PLETE HARMONY LN CONJUNCTION WITH CAREFULLY PPARED
DRUGS WILL ACCOJPLISH MORE LN THE CURE OF OBSCURJij
AND STUBBORN CHRONIC DISEASES THAN EITHER REMEDY
AT ONF '
ISN'T IT ALSO CONCEDED THAT A PHYSICIAN WHO D3VOTES
HIS ENTIRE TIME AND ATTENTIONTa THE TKBMMBNT OF A
CERTAIN CLASS OF DISEASES BECOMES MORE PROFICIENT THA
ONE WHO UNDERTAKES TkO COVER THE ENTIRE FIELD OFMEDI-
THEN FOR THESE REASONS, AND MANY OTHERS EQUALLY
AS IMPORTS, WHY NOT CONSULT SPECIALISTS OF BECOG
XEEDABIIJES LN THE BEGKSIXG AND SAVE YOURSELF TEARS
OF SUFFERING, "AND HUNDREDS OF DOLLARS WHICH YOt ARE
SPENDING OT THOSE WHO TREAT BUT SELDOM EVER CURE?
S TO DEVOTE OUR ENTIRE TIME AND ATTENTION TO THE
TREATMENT OF MEN, WOMEN AND CHILDREN WHO ARE SUF
FERING WITH ANY CHRONIC, OBSCURE, SBO MALADY AND
VE ESPECIALLY WISH TO SEE THOSE WHO HAVE FATLEB TO
OBTAIN RELIEF FROM THE OLD, OBSOLETE DRUG METHOD3 OF
TWTLiyCOST YOU NOTHING, NEITHER, WILL ITOBLIGATE
YOU LN ANY WAY TO CONSULT US. WE WILL MAKE A THOR
OUGH EXAMINATION, AN EXAMINATION THATmLL BEVEA
YOUR TRUE CONDITION, WITHOUT A KNOWLEDGE OF WHICH
YOU ARE GROPING LN THE DARK, AND P AROLGH
UNDERSTANDING OF WHICH NO PHYSICIAN SHOULD TREAT YOU.
IF WE FUND YOUR TROUBLE INCURABLE WE WILL TELL YOU
0 AS' IT IS OUR INVARIABLE RULE NEVER TO ACCEPT FOR A
CURE AN INCURABLE COMPLAINT. IF YOU ARE SKEPTICAL WE
INSIST THAT YOU INVESTIGATE US, OUR METHODS OF TREAT
MENT AND OUR PLAN OF DOING BUSINESS "
CALL FOR FREE EXAMINATION, AND IF YOL ARE CONVINCED
THAT OUR MODERN, SCIENTIFIC METHODS OF TPTMENT ARE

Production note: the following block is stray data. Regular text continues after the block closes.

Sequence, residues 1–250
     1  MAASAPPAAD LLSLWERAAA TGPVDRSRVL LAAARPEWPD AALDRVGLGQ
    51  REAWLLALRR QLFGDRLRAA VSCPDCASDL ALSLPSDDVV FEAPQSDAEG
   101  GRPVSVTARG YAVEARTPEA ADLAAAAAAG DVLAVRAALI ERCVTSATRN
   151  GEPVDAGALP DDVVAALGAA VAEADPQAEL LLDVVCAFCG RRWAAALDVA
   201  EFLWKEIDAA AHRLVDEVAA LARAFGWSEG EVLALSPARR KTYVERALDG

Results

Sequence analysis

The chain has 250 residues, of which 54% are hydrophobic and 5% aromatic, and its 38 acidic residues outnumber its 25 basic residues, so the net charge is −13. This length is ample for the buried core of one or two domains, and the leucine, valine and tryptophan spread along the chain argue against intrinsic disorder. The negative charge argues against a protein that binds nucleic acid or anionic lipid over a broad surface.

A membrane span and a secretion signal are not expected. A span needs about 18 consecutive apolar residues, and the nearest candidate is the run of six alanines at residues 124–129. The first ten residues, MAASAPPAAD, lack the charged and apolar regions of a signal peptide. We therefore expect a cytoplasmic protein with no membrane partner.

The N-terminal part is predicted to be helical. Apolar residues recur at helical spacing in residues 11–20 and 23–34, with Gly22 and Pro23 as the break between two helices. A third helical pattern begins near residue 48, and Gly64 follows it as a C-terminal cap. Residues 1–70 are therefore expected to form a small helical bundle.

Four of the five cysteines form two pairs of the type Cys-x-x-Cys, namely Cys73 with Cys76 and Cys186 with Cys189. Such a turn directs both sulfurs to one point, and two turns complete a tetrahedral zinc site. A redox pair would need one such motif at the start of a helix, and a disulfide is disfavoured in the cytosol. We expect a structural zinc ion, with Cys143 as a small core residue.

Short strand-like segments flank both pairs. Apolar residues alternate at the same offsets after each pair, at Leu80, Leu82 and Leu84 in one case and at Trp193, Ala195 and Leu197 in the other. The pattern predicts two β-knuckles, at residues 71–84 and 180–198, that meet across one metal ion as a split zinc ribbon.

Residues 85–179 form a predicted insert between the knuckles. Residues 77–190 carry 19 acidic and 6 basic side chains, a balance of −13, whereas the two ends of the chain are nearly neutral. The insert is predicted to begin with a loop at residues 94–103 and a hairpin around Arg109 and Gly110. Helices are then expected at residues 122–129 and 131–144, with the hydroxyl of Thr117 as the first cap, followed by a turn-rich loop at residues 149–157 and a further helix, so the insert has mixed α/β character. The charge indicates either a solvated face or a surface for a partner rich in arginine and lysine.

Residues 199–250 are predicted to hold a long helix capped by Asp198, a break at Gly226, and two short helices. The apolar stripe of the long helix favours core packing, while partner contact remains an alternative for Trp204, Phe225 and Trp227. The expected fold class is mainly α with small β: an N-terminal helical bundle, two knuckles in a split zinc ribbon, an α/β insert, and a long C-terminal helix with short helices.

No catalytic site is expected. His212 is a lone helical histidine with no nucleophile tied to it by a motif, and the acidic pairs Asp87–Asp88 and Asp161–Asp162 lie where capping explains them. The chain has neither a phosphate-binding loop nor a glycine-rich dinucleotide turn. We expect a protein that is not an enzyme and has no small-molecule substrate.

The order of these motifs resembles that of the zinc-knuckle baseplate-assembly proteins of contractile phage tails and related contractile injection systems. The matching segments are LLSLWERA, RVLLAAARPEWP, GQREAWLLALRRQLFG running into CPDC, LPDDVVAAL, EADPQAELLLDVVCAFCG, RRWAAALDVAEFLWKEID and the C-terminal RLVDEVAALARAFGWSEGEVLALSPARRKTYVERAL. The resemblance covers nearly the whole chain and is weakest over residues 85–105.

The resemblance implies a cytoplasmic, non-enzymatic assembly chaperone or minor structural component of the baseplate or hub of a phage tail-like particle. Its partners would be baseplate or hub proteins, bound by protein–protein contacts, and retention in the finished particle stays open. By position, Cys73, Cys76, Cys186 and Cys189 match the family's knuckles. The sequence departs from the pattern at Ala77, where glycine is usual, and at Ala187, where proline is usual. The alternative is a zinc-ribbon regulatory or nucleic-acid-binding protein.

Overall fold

ALL WE CLAM, THEN WE WXLL MAKE YOL A REASONABLE
CHARGE AND ALLOW YOU TO MAKE THE TERMS TO SUIT YOUR
"WE TREAT SUCCESSFULLY THE FOLLOWING DISEASES: CA
TARRH. BLOOD POISON, NERVOUS DEBILITY, EPILEPSY STRIC
TURE GLEET, VARICOCELE, HYDROCELE, CYSTITIS, ENLARGED
PROSTATE RUPTURE, RECTAL AND ALL PRIVATE DISEASES AND
WEAKNESSES AND THEIR COMPLICATIONS.
fe-i -yM y't &:&pzfA'
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o'7 .X-T -v V?" Msv. . ..-W7a-v v -.t:.v rffrw; jfflyM . 'Ij. ' . XUL.iaPK
1 , A CORNER IN ONE OF OUK Ui'iSiiAX.Lnix kuvsx.
Every day except -Sundays, uetween the hours of 4 and 5 p: m. We will
give FREE "treatment to" all those unable to pay. The same care and at
tention devoted to all-
Write If Unable to Call.
GHRCOTC DISEASES IX GEXERAL-SKEn. Kn-EY ASD HECTAL
DISEASES DISEASES OF TvXBTEX AXD GHDLDREX--DISEASES
Either one or all of these books -will be sent FREE to jiny, address in
a plain sealed envelope. They are the best and most concise and complete
books of the kind in print "and-should be read by.verybody, no matter
whether sick or not. ' , -r,
CONSULTATION, EXAMTXATIOX AND ADVICE FREE.
Office Hours: -9 a. m- to 7 p. nu Sundays, 9 to 1 only.
Phones Auto 1839. Rooms 9-12 C. & L. Block. El
While We Atq Crying "The Time Is Eot fiipe," 600,000
'Die Each Year in the United States The Need
- For a National Department of Health. '
(By' Paul Kencaday).
The tine is not ripe that is il Froin
the putting on of summer underwear,
to the taking off of tariff taxes from
votes for negroes and women, to put
ting on industry the burden of indus
trial accidents always the same old cry
the time Is not ripe. "Walt! Have
patience! God Is in his heaven! Laisses
faire the time Is not ripe.
And so the time is not ripe for a
department of health, and while the